Rachel Tunaley: 12 Lies I Told Before 21

MICF-Rachel-Tunaley-photo-by-Evangeline-KeplerRachel Tunaley wants to be famous. Sitting on her grandmother’s death bed, it was the only thing she could think about. On her 21st birthday she finally gets her chance in the spotlight when she invites her guests to witness a speech she’s written for herself, about herself.

For fifty five minutes, Tunaley takes us on a grand tour of an egotistical middle child’s most cringe-worthy anecdotes and embarrassing memories. Part-cabaret, part-confessional comedy, 12 Lies I Told Before 21 is an uproarious trip down a narcissist’s memory lane.

A self-admitted theatre kid and fame-hungry brat, she is a mix of Cher Horowitz and ‘Queen B’ Blair Waldorf without the popularity. She’s also a pathology liar. So if she can’t be a Queen B, she can at least lie about it until it’s true.

Why did she shave her eyebrows off in high school? It wasn’t because of a Dolly Magazine-induced razor accident. No, it’s the mark of a high octane oven explosion and heroic fiery rescue. In each one of the colourful birthday presents piled around her is a prop that represents another larger-than-life tale of deceit.

As the show goes on, the stakes of each lie increase; from a collection of shop-lifting adventures entitled the ‘Kleptochronicles’ to the misguided use of a fatsuit. Though each story gets more morally dubious, they fail to compromise Tunaley’s likeability.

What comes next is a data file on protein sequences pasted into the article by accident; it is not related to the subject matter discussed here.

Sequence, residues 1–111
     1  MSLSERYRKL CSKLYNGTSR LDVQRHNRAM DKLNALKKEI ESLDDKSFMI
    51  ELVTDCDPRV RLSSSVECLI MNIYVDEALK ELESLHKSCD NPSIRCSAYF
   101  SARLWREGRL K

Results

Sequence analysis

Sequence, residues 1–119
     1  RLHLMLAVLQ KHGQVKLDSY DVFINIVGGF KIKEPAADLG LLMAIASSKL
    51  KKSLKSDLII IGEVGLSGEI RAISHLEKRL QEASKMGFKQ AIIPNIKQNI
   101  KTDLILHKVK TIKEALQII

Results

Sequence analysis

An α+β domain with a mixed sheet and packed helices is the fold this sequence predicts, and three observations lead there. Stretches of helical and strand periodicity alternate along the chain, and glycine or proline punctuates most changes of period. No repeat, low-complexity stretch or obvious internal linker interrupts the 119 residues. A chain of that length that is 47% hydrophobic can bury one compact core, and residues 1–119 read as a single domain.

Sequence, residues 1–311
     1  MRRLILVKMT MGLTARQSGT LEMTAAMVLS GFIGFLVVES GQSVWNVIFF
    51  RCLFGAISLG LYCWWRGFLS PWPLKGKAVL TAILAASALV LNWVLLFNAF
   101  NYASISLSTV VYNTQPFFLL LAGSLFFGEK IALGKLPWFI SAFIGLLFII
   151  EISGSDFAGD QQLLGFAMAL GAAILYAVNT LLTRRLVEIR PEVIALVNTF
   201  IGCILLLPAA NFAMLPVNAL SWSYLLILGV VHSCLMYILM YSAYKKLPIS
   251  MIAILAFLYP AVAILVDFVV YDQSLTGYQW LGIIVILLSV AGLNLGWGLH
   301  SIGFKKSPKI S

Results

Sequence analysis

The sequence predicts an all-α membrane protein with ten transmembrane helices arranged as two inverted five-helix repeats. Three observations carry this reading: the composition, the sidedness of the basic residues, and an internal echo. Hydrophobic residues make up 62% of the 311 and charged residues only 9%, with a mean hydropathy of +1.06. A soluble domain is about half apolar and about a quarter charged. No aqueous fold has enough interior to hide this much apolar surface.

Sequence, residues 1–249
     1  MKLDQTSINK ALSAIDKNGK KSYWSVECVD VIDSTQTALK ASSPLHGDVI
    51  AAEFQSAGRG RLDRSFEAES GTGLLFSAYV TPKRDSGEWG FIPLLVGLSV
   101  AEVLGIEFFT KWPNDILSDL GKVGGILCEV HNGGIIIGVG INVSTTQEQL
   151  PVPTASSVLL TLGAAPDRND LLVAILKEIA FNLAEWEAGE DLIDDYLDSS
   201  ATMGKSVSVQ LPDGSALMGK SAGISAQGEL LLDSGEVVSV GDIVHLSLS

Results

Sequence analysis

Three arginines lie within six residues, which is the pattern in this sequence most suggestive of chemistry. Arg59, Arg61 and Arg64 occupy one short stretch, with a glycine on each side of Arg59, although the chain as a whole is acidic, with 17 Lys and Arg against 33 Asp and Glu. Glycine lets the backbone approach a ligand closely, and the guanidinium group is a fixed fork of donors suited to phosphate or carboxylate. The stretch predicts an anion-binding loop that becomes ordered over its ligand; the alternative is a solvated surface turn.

In her hands, even attempted murder via some peanut-cinnamon muffins cannot compromise her near endless supply of charisma. If she can’t be famous she will at least be infamous.

It’s difficult to know how much of Tunaley’s actual life is peppered in among the mix of tall tales. As Tulaney exaggerates more and more story details, it becomes harder to believe in the stakes of what is being recounted, and the show risks going stale as a result.

Thankfully, Tunaley boasts an intuitive sense of her audience. Possible lulls in attention are quickly filled with tightly wound original songs and wry asides to the front row. And Tulaney’s honey-smooth vocal runs and soulful top notes easily capture and hold our attention.

While it’s unclear why a 21st speech is the platform for Tunaley’s nefarious confessions, by the end of her star-making speech one can only salute the birthday girl and her charismatic (albeit pathological) pursuit of fame with thunderous applause.

Rachel Tunaley: 12 Lies I Told Before 21
The Apollo Theatre (Speakeasy Theatre), 522 Flinders Street, Melbourne
Performance: Tuesday 4 April 2023 – 9.00pm
Season continues to 23 April 2023
Information and Bookings: www.comedyfestival.com.au

Image: Rachel Tunaley – photo by Evangeline Kepler

Review: Guy Webster